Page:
The Algarve is the southernmost province of mainland Portugal. It is among the most popular tourist destinations of this country. Tourists come mainly from Britain, but Germans, Dutch and Irish are also numerous.
It is primarily this popular because of its beautiful beaches, Mediterranean climate and safety. And also because it is more than a quarter of a century on, firmly on the map as a rewarding and inexpensive holiday destination. Fortunately, it has managed to achieve this without overwhelming the features that make it so special.
Swatches of the Algarve remain delightfully wild and unexploited, with scores of little bays and coves where you can laze the day away if you choose, while the endless expanses of golden sand farther east allow everyone to stake out their own private territory.
Perhaps the most attractive feature of the Algarve is simply that it combines so many different attractions-beaches, luxurious hotels and manicured golf courses, nightlife and sunshine.
The part which is most developed and crowded of the Algarve is at the south of the IP1 motorway between Faro and Albufeira. With a hire car of Algarve car hire it is very simple to escape from the bustle of modern life and discover, to explore the many different faces of the Algarve.
The landscape and climate combine in the Algarve to create a region of year-round appeal. In winter the Algarve basks in balmy sunshine. In summer it remains green and equable due to the cooling effect of Atlantic breezes.
Travelling around, with your car hire Algarve you will encounter breathtaking views: sheer cliffs battered by Atlantic waves at Cabo de São Vicente; brightly painted sardine boats in the harbours; the Algarve is hilly, but traversed with rich sheltered valleys with their patchwork of orange groves; vineyards and olive trees, with Moorish-style houses tumbling down the hillside. Its highest point is Monchique, this mountain range has a maximum altitude of 906m. The highest peak is named Foía.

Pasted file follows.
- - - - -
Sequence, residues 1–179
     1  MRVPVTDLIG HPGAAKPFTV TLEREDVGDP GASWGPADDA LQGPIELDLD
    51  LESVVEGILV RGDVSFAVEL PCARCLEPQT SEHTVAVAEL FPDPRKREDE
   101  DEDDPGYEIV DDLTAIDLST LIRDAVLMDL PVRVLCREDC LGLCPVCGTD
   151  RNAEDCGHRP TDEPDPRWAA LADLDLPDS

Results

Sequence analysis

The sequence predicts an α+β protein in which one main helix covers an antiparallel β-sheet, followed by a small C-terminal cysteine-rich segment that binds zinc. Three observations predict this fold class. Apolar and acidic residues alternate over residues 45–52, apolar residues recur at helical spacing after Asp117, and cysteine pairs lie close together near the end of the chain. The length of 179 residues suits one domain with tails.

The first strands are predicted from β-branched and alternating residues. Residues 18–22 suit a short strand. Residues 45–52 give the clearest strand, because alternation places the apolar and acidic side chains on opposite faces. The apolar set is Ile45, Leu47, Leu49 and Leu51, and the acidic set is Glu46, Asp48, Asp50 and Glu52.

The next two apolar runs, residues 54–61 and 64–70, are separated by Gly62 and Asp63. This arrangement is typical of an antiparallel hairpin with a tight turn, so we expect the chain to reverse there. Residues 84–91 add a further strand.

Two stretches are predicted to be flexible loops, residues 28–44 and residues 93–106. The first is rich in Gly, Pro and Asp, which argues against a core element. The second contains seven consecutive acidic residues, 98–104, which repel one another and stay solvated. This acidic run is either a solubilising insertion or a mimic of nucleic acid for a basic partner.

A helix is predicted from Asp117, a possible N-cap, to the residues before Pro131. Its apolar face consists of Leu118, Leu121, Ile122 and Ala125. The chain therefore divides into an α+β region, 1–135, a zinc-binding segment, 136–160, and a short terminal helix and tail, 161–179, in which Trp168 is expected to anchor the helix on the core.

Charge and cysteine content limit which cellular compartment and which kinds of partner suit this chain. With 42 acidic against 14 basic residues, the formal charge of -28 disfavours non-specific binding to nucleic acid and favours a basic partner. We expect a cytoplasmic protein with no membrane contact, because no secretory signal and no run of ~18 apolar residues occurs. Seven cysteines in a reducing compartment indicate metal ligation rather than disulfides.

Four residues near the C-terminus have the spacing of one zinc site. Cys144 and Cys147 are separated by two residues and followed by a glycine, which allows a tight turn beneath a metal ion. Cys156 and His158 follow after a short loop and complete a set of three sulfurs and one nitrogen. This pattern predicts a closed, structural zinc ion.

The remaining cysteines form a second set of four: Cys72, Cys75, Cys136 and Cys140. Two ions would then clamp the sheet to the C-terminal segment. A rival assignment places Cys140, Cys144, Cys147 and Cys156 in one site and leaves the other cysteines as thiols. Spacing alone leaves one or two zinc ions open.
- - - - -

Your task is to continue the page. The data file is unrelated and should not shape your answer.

Agricultural products of the region include oranges, carob beans, figs, almonds and cork oak. Portugal is the wold’s biggest producer of cork, and much of it is grown in the Algarve and the Alentejo. Traditional almond and fig production, while still important, is in decline, but citrus production is increasing and large areas of the foothills are covered in orange and lemon groves.
Fish and seafood are other important resources in the region. With sardines, cyprinids, soles, gilt-head bream and grooved carpet shell being the major productions. Tuna, cod and sardine fishing and canning are important, but the industry has not modernised and faces strong competition from Spanish fishermen with more modern fleets. Algarve's wines are also renowned.
The maximum temperatures in the Algarve
fluctuate between 15 and 31 °C. The mountains separating the Algarve
from the Alentejo also shelter it from cold continental air in winter,
so that the region´s winter climate is markedly milder than the rest
of Portugal, though it does have high rainfall, due to Atlantic fronts.
That is why the Algarve is, all year long, an excellent place to be.
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